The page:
Polestar now expects 2023 global sales volumes of 60,000 to 70,000, compared with its earlier forecast of about 80,000 units. Polestar delivered 51,491 units last year.

“Given the tougher economic climate, it is difficult for us to compensate for the absence of the Polestar 3 volumes with an incremental Polestar 2 volume,” Polestar CFO Johan Malmqvist said on an earnings call Thursday. “That, coupled with high market uncertainties, led us to call down the volumes.”

Polestar CEO Thomas Ingenlath said the volume forecast adjustment would also help the automaker protect the profit margin on the Polestar 2.

“We are intent not to push cars into the market for any price, just to achieve the volume that we once announced,” Ingenlath said on the call. Lowering sales estimates “gives us the opportunity to maintain the right balance between the volume that we achieve and what we achieve in terms of margins and price stability with our products.”

The automaker also said it is taking the knife to cost. Polestar said it would cut global headcount by 10 percent, or about 300 jobs, and institute a global hiring freeze.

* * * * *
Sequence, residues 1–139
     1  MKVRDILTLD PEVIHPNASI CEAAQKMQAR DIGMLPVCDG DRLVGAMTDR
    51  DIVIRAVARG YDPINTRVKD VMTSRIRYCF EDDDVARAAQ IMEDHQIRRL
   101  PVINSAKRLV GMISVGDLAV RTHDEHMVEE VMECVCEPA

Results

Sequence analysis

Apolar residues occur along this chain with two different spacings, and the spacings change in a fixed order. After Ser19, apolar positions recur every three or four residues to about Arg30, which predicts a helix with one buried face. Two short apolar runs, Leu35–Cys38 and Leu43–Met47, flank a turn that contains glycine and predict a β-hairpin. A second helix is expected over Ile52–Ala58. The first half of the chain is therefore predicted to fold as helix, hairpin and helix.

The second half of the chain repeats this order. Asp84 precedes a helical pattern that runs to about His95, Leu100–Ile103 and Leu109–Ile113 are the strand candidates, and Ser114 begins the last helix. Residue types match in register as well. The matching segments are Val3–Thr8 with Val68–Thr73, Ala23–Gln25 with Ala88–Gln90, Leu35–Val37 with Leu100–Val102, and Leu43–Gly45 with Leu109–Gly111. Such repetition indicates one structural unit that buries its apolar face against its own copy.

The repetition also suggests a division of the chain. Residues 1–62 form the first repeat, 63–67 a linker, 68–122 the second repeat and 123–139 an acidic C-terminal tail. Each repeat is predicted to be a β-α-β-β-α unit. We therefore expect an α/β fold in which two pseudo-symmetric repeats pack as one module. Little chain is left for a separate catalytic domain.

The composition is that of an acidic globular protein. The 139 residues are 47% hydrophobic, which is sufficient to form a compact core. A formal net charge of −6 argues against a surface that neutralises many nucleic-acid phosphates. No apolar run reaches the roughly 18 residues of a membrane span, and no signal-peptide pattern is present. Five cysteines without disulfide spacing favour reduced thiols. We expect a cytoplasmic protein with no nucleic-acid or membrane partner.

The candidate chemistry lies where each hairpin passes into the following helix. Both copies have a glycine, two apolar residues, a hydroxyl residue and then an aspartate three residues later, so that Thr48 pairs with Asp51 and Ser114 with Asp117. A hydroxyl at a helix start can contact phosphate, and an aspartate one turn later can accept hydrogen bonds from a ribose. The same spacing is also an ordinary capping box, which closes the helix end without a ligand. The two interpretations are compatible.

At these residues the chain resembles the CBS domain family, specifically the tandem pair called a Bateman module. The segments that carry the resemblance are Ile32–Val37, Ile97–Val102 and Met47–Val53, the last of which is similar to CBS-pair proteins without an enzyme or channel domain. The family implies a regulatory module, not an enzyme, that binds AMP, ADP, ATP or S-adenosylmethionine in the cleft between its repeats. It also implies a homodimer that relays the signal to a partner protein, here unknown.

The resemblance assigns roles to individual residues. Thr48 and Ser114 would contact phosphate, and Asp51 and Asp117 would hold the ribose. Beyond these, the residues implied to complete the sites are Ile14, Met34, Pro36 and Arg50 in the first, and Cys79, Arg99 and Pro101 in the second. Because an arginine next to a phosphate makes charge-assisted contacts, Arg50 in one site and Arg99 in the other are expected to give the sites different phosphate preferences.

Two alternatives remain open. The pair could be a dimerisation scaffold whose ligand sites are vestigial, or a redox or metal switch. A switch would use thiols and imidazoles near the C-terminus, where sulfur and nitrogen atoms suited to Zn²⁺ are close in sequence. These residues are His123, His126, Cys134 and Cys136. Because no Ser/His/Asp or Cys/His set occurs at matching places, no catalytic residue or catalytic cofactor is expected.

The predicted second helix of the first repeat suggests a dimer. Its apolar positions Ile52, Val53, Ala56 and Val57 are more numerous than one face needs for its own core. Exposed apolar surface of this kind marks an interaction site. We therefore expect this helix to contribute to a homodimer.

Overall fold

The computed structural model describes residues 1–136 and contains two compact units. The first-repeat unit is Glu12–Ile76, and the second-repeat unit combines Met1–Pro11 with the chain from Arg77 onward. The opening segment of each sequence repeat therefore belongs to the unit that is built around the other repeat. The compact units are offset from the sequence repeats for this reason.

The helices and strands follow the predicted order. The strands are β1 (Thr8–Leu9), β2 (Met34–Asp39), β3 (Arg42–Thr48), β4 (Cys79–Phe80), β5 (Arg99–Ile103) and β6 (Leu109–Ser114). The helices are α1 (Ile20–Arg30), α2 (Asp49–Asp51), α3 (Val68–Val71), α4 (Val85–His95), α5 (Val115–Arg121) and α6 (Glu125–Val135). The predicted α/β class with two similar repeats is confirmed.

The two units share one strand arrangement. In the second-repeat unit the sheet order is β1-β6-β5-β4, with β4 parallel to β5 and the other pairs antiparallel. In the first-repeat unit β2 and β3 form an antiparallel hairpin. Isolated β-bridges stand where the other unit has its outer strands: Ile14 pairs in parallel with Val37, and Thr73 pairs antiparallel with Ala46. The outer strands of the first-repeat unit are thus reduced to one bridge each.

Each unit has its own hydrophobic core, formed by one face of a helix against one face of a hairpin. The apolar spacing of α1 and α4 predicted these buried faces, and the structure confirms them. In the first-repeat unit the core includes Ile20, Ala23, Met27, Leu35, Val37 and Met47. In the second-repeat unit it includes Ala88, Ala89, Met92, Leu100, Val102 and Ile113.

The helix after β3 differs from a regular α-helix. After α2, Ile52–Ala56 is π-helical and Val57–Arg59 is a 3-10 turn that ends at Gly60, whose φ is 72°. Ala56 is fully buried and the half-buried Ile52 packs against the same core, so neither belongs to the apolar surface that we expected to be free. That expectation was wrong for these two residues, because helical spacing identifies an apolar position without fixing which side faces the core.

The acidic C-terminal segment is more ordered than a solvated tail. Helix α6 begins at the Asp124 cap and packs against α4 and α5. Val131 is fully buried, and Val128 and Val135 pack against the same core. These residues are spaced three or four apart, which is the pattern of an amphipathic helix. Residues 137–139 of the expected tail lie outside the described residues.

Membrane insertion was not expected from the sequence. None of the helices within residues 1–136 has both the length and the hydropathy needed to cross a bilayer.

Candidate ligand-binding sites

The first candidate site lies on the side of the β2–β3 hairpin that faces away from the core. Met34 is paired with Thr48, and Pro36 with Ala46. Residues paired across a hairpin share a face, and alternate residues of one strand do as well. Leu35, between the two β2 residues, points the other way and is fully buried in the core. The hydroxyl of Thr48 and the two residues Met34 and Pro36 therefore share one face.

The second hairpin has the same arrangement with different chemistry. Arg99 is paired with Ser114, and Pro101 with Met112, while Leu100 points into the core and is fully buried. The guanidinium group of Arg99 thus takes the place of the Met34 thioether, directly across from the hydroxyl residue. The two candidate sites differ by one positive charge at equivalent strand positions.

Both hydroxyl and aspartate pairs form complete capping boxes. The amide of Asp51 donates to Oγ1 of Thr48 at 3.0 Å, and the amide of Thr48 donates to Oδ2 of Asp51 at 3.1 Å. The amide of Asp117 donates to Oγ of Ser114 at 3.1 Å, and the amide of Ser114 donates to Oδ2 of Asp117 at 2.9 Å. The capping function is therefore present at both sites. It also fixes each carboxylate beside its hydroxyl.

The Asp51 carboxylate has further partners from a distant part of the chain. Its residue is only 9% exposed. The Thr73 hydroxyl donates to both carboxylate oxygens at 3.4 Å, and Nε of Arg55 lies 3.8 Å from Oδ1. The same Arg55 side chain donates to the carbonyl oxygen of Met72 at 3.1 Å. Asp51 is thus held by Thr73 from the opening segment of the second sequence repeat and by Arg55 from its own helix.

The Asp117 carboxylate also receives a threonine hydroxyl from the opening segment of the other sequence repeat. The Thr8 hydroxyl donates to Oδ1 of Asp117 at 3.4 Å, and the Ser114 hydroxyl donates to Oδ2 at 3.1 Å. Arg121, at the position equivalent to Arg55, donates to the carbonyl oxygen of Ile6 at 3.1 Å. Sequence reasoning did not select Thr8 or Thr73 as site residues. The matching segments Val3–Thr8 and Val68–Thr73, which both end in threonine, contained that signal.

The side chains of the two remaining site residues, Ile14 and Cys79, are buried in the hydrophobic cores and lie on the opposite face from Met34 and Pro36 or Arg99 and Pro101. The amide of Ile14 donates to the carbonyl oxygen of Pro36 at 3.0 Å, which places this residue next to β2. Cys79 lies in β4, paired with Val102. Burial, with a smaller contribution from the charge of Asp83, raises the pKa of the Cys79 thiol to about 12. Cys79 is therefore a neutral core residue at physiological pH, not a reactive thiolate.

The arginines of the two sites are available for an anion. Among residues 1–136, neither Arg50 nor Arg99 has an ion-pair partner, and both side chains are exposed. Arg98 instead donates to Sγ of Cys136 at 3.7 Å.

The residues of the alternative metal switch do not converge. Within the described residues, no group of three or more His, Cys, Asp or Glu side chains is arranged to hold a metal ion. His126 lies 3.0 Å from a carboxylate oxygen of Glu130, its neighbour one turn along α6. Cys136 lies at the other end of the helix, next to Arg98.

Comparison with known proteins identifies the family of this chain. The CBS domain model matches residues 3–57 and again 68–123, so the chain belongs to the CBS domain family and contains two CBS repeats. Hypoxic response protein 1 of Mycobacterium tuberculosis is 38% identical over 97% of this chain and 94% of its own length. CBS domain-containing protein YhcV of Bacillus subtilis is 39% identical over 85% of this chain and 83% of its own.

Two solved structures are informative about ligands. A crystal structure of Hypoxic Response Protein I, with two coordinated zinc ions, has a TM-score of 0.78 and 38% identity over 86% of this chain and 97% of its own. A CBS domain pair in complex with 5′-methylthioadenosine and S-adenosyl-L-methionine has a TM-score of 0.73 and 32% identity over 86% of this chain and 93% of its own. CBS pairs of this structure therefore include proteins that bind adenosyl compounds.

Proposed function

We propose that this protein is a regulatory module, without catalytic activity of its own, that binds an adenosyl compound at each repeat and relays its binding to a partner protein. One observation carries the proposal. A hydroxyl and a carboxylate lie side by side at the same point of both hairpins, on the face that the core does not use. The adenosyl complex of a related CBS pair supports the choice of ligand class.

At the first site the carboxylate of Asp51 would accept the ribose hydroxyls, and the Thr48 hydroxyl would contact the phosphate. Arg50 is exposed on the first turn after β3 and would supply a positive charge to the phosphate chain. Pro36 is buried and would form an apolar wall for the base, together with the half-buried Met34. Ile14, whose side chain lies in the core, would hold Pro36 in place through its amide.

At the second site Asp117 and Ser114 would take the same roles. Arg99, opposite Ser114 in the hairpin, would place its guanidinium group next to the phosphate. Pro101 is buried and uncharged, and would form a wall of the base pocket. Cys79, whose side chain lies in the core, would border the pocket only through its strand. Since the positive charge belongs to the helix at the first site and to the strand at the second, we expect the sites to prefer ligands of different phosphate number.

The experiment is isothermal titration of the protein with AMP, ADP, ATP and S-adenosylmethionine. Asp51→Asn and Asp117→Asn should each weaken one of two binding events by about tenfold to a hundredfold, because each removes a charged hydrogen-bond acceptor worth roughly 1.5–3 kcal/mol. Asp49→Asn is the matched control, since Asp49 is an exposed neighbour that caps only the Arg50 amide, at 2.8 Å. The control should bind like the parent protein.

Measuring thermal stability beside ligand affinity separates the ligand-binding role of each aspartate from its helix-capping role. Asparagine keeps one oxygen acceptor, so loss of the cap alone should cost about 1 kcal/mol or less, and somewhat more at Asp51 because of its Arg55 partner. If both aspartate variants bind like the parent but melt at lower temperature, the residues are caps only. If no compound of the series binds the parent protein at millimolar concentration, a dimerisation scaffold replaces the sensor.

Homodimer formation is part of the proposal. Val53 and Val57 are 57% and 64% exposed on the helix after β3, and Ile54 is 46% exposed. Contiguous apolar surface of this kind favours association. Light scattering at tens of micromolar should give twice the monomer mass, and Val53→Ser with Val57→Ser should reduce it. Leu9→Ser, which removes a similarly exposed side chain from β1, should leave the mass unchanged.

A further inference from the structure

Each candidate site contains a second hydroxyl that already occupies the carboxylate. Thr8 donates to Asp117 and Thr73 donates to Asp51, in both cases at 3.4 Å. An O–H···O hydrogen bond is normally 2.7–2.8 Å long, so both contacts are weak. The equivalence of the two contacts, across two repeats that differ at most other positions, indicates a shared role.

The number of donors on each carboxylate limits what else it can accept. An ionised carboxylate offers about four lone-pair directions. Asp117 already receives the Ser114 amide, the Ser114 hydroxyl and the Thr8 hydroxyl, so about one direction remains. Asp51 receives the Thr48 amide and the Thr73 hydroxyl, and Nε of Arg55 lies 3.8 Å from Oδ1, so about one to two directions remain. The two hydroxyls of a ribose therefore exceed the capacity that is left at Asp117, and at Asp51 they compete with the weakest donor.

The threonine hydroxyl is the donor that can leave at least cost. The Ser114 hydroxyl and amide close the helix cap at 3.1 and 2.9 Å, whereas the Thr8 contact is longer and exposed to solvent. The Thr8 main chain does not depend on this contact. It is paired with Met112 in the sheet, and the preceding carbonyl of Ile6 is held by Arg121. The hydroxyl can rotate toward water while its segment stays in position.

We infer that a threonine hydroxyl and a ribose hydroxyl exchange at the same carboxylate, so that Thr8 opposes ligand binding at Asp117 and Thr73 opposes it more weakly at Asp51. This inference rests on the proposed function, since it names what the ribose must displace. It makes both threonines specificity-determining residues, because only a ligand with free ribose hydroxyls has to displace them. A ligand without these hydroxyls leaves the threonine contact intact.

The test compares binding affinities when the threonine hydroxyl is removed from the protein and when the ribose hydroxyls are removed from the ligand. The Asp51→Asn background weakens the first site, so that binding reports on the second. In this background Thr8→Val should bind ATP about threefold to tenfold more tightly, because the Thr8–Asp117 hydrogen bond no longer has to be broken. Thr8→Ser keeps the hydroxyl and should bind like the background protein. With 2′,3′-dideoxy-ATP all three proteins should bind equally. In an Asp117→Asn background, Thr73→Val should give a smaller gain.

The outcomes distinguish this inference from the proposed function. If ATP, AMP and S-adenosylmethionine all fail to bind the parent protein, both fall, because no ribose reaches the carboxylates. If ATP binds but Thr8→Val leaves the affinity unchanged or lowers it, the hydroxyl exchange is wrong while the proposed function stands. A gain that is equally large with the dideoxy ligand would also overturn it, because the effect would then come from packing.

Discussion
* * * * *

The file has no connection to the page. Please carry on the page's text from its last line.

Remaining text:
The automaker will also keep from adding the 500 jobs it is intended for this year.

“We are also working on additional initiatives to drive out costs and to conserve cash in the company, such as trimming the development costs of certain car programs, efficiency gains with our commercial operations,” said CFO Malmqvist. “For example, we’ve seen improvements in the quality levels of the Polestar 2 leading to lower warranty repairs.”

The latest delay in launching the Polestar 3 — and an essential US market product — puts further pressure on Polestar’s retailers struggling with limited inventory from a single sedan model.

Polestar dealer Matthew Haiken now expects to see customer deliveries of Polestar 3 begin in Q2 next year.

The pushback puts “a lot of stress” on the retail network, the CEO of Polestar Short Hills in New Jersey told Automotive News.

“The EV market is uber-competitive; everybody is super-aggressive,” he said. “We need throughput; we need product. It’s an SUV world and the Polestar 2 is not an SUV.”